Handset makers may be significantly affected by the carriers’ shift from subsidized to full price smartphone purchases, The Wall Street Journal reports, with Apple’s iPhone singled out as a device that could see significant harm.
T-Mobile’s ‘Uncarrier’ no-contract initiatives did not go unseen in the U.S., with competitors looking to adapt their offers as well. T-Mobile replaced handset subsidies – which offered users the ability to purchase new devices for lower price, as long as they agreed to ink a costly two-year agreement – with a new purchase model that allows buyers to choose a cheaper service plan with a new handset, and pay for the device separately in installments over a certain period of time.
Because Apple’s iPhone is among the most expensive smartphones when it comes to full retail pricing, the move to full price handset purchases may negatively affect Apple’s bottom line as customers become increasingly aware of the cost of the smartphone.
The cheapest iPhone 5s model, the 16GB version, costs $649 without a contract.
“The U.S. is among the iPhone’s strongest markets, in large part because of subsidies,” the Journal wrote. “But it is already showing signs of strain amid strong competition and slowing adoption rates for smartphones as the market becomes more saturated.”
In addition to T-Mobile, other carriers have adopted, or are considering, the no-subsidy model. AT&T sold 15% of smartphones without a subsidy in the fourth quarter of the year, with the percentage expected to go up to 35% this year. However, Verizon is not that eager to move away from a business model that worked so well in the past, and take on the challenges that come with off-contract smartphone purchases, including financing and trade-in potential issues.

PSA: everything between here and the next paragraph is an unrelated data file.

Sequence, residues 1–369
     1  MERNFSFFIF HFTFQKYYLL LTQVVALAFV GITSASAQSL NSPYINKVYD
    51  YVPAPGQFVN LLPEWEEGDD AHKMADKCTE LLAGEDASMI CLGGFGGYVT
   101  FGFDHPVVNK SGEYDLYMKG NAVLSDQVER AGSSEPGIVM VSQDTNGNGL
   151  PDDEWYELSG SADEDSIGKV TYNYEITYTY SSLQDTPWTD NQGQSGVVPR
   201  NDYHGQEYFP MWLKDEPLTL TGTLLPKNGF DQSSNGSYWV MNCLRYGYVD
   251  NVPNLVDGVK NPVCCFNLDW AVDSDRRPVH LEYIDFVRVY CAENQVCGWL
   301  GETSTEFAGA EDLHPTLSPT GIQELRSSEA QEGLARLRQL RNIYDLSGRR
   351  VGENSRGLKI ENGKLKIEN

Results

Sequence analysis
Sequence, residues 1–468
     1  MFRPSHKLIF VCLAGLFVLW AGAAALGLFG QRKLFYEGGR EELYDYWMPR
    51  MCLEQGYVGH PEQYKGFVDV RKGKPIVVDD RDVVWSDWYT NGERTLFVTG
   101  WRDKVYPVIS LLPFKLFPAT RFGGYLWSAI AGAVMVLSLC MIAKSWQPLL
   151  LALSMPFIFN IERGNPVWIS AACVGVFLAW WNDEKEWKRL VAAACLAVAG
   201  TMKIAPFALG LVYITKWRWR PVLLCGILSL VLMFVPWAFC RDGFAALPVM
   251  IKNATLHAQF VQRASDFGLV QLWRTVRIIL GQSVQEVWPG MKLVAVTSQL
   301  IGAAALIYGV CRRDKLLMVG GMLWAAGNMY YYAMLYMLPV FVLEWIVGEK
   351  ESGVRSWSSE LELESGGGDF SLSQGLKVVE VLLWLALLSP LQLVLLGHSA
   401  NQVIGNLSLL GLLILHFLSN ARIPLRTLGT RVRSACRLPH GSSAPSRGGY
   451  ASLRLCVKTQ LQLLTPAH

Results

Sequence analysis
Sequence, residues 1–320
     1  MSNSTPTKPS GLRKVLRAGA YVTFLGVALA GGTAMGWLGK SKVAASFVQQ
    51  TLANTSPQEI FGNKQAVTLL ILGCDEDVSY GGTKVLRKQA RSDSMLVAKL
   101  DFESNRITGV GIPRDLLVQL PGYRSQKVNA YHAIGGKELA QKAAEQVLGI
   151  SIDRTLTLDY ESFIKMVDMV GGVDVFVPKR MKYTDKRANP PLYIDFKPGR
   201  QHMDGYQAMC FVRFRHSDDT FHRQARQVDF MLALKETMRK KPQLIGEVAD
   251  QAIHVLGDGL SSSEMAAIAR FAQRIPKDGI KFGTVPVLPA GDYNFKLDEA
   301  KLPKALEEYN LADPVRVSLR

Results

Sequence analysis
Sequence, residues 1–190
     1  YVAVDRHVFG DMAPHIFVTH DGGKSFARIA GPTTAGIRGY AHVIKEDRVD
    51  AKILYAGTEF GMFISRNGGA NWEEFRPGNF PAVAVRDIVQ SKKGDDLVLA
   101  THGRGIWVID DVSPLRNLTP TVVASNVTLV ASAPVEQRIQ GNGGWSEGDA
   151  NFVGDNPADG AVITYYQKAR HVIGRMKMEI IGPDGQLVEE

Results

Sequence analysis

“We believe that the subsidy model is an extremely good model,” Verizon Chief Financial Officer Fran Shammo said. “It has done wonders for us in this industry. So I think to abandon that I think is a mistake.”
Furthermore, the no-subsidy model could give cheaper smartphones a boost, Oppenheimer analyst Tim Horan told the publication, and could further put pressure on the iPhone. Apple is yet to launch a true low-cost iPhone, but the company keeps selling older iPhone models alongside the newest versions.
Other high-end devices such as the Galaxy S5 could be similarly affected by the move to no-subsidy smartphone sales business model.